Jason Collins and the Terrible, Horrible, No Good, Very Bad Season

Jason Collins was one of the greatest defensive players ever to take the floor in an NBA game, a perpetual stay-away shutdown guy who wasn’t a great rebounder, wasn’t a great shotblocker, and put up cover-your-eyes box score stats but who continually altered opposing game plans by going full “you shall not pass” Gandalf on walling off the restricted area.

In that sense, he was like a great NFL defensive back who doesn’t get a lot of pass deflections or interceptions for the sole reason that quarterbacks are terrified to throw the ball to his side of the field; guys like that show their greatness not with their own stats but with the fact that the other team’s best receiver usually has his lowest total catches and targets of the season on the day his team plays the defensive back’s team.

Collins never made an All-Defensive team, but considering that his prime was between 2004 and 2007, when the NBA was mired in the Dark Ages and analytics weren’t a thing yet, that shouldn’t come as a surprise. Back then, you needed gaudy rebounding and shotblocking or just a reputation—deserved or not—and Collins didn’t have that.

But we’re not here to talk about the defense Collins played for his own team. We’re here to talk about the defense Collins played for the other team in the form of being one of the most glaring offensive liabilities in the history of professional basketball.

And it doesn’t matter how you carve up the data, whether traditional counting stats or advanced stats, because Jason Collins in 2006-07 put up the single worst offensive season by a starter in the entire history of the NBA. And then, just for kicks, he followed it up with one that might have been even worse but for the fact that he played 700 fewer minutes and thus limited the damage he could do.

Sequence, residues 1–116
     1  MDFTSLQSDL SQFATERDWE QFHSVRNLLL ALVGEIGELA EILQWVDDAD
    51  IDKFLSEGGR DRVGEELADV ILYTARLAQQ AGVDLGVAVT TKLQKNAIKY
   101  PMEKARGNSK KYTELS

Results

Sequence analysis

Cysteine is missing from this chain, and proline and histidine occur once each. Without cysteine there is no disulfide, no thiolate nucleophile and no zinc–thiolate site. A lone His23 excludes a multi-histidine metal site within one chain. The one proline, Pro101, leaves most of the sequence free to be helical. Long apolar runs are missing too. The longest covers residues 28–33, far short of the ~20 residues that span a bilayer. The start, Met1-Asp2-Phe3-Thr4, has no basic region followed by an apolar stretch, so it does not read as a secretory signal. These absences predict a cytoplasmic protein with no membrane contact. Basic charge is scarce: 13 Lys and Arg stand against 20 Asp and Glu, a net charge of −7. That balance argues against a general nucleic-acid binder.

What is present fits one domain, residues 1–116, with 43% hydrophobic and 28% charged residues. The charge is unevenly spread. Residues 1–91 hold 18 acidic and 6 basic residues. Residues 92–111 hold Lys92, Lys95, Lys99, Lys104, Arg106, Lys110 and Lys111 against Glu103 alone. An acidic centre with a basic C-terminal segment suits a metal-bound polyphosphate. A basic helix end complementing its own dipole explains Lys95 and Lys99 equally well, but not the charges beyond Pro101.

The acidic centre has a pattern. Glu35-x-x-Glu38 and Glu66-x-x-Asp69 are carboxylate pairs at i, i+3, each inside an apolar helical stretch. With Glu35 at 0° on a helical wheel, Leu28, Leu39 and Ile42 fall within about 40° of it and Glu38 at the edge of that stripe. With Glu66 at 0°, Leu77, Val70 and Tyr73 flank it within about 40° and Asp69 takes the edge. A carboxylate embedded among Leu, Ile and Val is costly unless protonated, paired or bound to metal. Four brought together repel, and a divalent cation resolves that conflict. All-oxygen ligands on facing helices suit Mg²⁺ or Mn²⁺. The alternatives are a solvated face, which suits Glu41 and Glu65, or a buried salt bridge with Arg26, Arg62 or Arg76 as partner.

Collins played in 80 games in ’06-07 for a Nets team that had by then become a shell of the team that made the NBA Finals in 2002 and ’03. He started 78 of them and played 1844 minutes.

His counting stats? 2.1 points, 4.0 rebounds, 0.6 assists, 0.5 steals, and 0.5 blocks per game, while committing a mind-blowing 5.3 fouls per 36 minutes, part of the reason he only played 23.1 minutes per game.

This was a Nets team that still had Jason Kidd, Vince Carter, and Richard Jefferson, but Mikki Moore was their starting center and Collins played power forward. Even Dennis Rodman, who with the Chicago Bulls took just 4.8 shots per game, still scored 5.2 points on those shots.

Collins couldn’t even find five shots to put up, averaging just 1.9 attempts from the field (and shooting a vile 36.4 percent as a big man, hitting 46.1 percent of his shots from three feet and in.

Collins is seven feet tall. A 7-footer has no excuse for not hitting even half of his shots that close to the basket. That’s the sort of incompetence you expect from a guard who drives into traffic and attempts ill-advised layups, not a guy who was nearly always taller than his defender.

The guy was so bad at offense that he posted an 83 Offensive Rating, -1.3 Offensive Win Shares (only his 1.9 DWS saved him from the inglorious fate of being a negative-wins guy, but a team full of Jason Collins-level players would be expected to go 6-76, somehow winning six games on defense alone), a brain-exploding -5.5 Offensive Box Plus-Minus, and a worse-than-the-G-League -0.7 VORP.